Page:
There is a lot of confusion in the world about DevOps. Some of that might be because the concept hasn’t been well defined, or implemented, in many organizations. It might also be because other companies have been running as DevOps organizations for years without having a name for what they did and no good way to talk about their practices as a whole. Plenty of those efficient organizations resent having DevOps presented as a “new” idea when it’s been their modus operandi for years.
I an across a primer on DevOps that I thought was a good explanation for management. It’s not perfect, and the piece minimizes the problems of changing culture and attitude. There is an emphasis on breaking down barriers and silos, but no discussion as to how managers should do this. I think most people expect managers to know how to get teams to work together, but in practice, I have found few managers that could do this.
There is no magic to DevOps. There isn’t a tool you can buy, or a consultant that you can hire to implement it. All you can do is get help and guidance in helping your staff to learn to work more closely together. Developers have to learn to consider the operational impacts of their work, while formalizing some of their processes. They need to automate their testing, but also the packaging and installation of their software, while working in standardized environments. Operations is the flip side of this, in that Operations staff must be responsive and quick to build the standard environments developers need. They must work with developers to feedback issues and requirements from Operations to the developers, including bugs that can be caught with changes to the automated testing processes.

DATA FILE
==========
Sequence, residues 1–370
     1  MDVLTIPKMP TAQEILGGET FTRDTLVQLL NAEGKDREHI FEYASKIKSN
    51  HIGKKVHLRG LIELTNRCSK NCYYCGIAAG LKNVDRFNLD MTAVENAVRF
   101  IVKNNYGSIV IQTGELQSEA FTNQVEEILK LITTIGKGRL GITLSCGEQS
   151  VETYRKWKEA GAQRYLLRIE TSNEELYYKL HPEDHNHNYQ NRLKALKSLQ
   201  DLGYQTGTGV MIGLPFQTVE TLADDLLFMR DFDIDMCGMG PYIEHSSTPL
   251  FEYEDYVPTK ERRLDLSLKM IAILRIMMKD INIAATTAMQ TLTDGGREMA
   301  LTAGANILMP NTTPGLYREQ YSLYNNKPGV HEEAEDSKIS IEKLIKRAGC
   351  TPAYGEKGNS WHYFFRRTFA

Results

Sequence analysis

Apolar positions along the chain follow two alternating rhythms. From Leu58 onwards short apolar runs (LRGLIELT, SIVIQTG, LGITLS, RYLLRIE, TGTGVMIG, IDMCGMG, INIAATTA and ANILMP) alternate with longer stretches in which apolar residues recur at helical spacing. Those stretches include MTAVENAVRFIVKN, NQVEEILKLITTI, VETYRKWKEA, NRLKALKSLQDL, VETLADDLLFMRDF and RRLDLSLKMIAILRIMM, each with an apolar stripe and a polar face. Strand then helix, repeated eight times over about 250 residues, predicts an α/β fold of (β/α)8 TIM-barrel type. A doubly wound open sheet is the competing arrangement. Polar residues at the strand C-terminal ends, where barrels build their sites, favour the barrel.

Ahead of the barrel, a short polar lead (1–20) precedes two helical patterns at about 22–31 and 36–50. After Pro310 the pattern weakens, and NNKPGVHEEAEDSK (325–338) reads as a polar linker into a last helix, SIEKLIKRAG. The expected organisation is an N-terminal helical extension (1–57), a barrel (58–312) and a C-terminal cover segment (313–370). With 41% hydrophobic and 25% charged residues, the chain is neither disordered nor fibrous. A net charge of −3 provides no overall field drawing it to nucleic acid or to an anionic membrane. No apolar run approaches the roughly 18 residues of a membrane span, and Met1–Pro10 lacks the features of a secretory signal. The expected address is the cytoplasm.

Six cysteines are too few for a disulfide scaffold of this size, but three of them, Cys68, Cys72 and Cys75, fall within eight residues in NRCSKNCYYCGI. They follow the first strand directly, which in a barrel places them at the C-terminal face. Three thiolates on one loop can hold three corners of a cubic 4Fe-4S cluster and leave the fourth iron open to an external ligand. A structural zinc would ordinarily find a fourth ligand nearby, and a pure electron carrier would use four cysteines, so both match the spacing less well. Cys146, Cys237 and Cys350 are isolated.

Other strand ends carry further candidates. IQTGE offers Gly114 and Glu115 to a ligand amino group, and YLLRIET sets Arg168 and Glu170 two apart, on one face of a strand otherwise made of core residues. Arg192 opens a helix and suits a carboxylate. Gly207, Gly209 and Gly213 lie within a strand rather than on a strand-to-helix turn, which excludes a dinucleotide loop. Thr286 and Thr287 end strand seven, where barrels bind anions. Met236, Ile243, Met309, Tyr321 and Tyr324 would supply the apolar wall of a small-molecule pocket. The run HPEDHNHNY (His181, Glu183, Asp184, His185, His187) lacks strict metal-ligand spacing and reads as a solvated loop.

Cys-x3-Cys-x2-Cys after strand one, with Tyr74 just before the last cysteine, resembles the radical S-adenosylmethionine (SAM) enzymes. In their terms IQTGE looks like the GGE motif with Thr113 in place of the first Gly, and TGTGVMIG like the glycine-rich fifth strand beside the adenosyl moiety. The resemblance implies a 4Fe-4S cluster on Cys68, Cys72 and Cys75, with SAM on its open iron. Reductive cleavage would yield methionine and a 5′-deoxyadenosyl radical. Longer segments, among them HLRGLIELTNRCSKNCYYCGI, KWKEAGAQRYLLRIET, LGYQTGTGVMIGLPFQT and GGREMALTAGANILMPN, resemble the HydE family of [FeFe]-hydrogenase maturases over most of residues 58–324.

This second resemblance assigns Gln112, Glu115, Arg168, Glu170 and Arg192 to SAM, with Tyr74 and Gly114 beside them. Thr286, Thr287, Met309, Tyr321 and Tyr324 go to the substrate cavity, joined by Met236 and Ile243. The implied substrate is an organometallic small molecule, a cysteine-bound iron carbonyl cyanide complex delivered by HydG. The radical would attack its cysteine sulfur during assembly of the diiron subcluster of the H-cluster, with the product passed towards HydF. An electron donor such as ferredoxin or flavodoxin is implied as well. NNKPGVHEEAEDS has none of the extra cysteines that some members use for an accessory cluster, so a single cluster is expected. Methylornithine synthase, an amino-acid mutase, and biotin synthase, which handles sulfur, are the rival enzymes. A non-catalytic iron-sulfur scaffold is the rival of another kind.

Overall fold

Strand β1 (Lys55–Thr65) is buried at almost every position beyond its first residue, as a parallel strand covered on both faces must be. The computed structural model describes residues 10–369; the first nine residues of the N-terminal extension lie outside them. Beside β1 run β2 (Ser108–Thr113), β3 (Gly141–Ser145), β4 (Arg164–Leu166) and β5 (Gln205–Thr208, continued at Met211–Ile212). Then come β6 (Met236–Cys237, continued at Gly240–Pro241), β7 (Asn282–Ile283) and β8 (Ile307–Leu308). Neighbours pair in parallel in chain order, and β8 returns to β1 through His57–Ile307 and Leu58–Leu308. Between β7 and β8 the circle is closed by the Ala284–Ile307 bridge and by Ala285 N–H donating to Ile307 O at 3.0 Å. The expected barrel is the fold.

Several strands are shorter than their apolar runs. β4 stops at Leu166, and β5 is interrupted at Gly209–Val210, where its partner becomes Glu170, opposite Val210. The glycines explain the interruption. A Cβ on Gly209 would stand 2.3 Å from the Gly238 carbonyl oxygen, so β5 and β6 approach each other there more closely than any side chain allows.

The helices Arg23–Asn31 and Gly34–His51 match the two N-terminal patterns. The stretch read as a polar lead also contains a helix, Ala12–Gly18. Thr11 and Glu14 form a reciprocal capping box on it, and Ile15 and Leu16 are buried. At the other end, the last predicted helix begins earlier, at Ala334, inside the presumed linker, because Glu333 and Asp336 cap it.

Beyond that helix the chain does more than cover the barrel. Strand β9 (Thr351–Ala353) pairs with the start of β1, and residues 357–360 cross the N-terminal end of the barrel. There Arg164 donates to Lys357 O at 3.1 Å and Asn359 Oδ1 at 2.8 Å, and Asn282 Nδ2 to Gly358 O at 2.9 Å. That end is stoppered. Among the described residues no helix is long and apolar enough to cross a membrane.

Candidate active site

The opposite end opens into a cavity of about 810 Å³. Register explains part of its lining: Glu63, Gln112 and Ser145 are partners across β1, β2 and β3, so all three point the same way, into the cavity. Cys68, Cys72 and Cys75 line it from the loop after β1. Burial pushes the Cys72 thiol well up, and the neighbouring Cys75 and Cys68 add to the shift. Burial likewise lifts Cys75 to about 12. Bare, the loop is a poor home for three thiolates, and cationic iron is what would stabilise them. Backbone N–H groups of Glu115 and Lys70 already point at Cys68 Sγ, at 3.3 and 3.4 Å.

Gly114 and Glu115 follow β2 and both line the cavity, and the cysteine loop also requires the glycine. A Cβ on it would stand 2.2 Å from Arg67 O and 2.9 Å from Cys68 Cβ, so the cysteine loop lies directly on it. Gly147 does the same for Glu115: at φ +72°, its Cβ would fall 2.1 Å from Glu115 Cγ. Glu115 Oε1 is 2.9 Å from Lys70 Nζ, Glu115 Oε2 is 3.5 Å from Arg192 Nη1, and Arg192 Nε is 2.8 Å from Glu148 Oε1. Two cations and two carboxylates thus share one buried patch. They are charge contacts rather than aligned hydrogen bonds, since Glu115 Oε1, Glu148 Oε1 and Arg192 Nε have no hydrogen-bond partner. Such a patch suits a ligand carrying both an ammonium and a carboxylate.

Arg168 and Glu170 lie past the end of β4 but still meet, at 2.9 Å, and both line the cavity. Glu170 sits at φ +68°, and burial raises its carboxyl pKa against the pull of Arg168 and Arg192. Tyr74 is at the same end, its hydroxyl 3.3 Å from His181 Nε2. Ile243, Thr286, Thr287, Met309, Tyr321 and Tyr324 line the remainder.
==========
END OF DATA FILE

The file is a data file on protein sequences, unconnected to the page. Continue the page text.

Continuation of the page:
DevOps is about working together. With respect and professionalism, but also the attitude that we can help each other do our jobs better. This impacts our compensation and reward systems, as well as organizational structures. I wouldn’t underestimate the impact this has on the way an IT department works, but I also wouldn’t be afraid of the changes. However I would move slowly, evaluating the impacts as processes change, and working to assuage the fears and concerns of your staff.
Ultimately DevOps, in my mind, isn’t about saving money or getting software build faster. It’s about working together to become more responsive to our clients as our software becomes ever more important to them.